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Concert Review: Darius Jones Trio at Littlefield

Saturday, June 25th at the 2011 Undead JazzFest

About.com Rating 3.5 Star Rating


Saxophonist Darius Jones
© Carrie Villines
Saxophonist Darius Jones plays strong and earthy music that embraces roots music while indulging in a taste for exploration. His full-throated sound isn’t so much played as it is unleashed, such is the intensity of his sound from the very bottom of the instrument to the top. Jones set an aggressive tone right from the start of his Saturday, June 25th set at Littlefield, part of the 2011 Undead JazzFest. As the set went on though, this trio’s music was surprising in its broad range of sensibility.

The set’s trajectory was characterized by a gradual increase in tempo and intensity. That is, it kept getting faster and louder. The first two pieces were rubato melodies, loosely coordinated with bass lines. The second to last piece found Jones wailing with a succession of multiphonics while the drums and bass churned up cacophony. Before the last piece, when Jones found out he had just eight minutes left, he remarked that he “doesn’t do anything in just eight minutes.” He then offered a touching explanation of the motivation behind his music that put the whole set in context: A beautiful slow song, “I wish I Had a Choice,” sought to demonstrate that music had chosen him more than he had chosen it.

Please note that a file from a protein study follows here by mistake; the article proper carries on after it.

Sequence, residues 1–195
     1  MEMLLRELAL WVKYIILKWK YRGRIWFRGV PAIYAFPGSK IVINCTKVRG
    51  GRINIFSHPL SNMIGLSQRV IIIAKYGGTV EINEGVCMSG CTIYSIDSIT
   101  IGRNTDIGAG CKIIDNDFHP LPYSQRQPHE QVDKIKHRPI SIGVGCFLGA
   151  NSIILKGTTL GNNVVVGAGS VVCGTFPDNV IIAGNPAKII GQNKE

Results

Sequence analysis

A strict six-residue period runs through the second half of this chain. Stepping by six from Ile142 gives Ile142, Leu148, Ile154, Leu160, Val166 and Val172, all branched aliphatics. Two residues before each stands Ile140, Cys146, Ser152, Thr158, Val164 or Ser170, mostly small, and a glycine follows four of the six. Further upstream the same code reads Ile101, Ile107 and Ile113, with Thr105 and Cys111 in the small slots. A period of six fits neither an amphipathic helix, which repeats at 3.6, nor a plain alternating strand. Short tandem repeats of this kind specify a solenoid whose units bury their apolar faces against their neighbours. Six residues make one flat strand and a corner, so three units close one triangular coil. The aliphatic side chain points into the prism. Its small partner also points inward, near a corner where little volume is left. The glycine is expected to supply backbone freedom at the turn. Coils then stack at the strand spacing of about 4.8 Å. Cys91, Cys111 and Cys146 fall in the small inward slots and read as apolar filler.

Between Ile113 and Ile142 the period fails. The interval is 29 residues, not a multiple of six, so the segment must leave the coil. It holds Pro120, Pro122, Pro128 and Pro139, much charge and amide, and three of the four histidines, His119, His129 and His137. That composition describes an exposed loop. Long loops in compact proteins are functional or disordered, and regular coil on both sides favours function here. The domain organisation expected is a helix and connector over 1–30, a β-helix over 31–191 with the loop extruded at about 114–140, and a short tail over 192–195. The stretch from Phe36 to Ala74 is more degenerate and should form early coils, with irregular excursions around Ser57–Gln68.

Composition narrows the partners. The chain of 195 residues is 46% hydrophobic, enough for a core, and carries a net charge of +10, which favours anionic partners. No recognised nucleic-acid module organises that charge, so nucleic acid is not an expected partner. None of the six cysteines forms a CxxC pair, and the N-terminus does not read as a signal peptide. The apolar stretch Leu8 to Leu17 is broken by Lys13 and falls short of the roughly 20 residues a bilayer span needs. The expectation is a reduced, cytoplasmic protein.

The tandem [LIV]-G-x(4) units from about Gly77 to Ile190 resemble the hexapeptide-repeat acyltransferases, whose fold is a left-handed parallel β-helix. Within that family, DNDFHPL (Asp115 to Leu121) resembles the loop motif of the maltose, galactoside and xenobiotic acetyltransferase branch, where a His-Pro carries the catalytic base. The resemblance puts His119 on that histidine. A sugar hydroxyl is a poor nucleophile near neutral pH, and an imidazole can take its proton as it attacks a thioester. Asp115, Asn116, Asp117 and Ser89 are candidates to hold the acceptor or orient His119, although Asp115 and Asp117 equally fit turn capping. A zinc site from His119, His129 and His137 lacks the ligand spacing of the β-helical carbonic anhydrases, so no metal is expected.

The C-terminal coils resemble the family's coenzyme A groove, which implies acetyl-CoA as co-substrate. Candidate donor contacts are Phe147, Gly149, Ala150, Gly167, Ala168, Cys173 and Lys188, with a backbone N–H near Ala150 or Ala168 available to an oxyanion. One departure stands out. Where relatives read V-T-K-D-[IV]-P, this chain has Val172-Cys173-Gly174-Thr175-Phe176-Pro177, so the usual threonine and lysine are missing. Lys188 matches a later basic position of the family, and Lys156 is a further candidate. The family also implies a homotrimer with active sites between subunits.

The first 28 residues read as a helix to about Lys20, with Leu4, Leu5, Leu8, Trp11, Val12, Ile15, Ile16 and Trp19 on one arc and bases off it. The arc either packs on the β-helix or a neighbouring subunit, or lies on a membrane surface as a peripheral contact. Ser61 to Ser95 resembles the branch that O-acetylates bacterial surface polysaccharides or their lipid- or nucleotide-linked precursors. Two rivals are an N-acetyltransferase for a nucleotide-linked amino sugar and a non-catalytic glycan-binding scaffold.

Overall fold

Another fascinating element of the trio’s performance was the rhythm section, featuring Jason Nazary on drums and Adam Lane on bass. Nazary’s drum set looked like one you might find in a high school garage band, complete with a great big rock bass drum and loosely tuned snare drum. He played with the energy of a rock drummer, but with a sensitivity and lightness that allowed for a deeper, more colorful group sound. Lane’s bass playing ranged from a rich pizzicato sound to a raw bowing of the strings in extreme upper range, continuing the group’s interest in the interplay between light and dark. Overall, the group tended towards dark, robust timbres with a heavy gravity but also a skyward, spiritual lightness.

The Undead Jazz Festival showed the New York jazz scene in all its diversity over four days in Brooklyn and Manhattan. It was a great night of interesting programming on this stage at Littlefield, but a wide range of great music also graced the improvised stages of the Homage Skatepark and Crossfit Gym, two venues that aren’t really music venues at all. The Undead Jazz Festival’s non-traditional approach to programming and presentation is a welcome addition to the summer festival schedule, and deserves recognition for its creativity in these respects. As the festival matures and expands, solving the problems of bankrolling a mostly avant-garde jazz festival in a tough economy, this creativity will hopefully prove to be a great asset.
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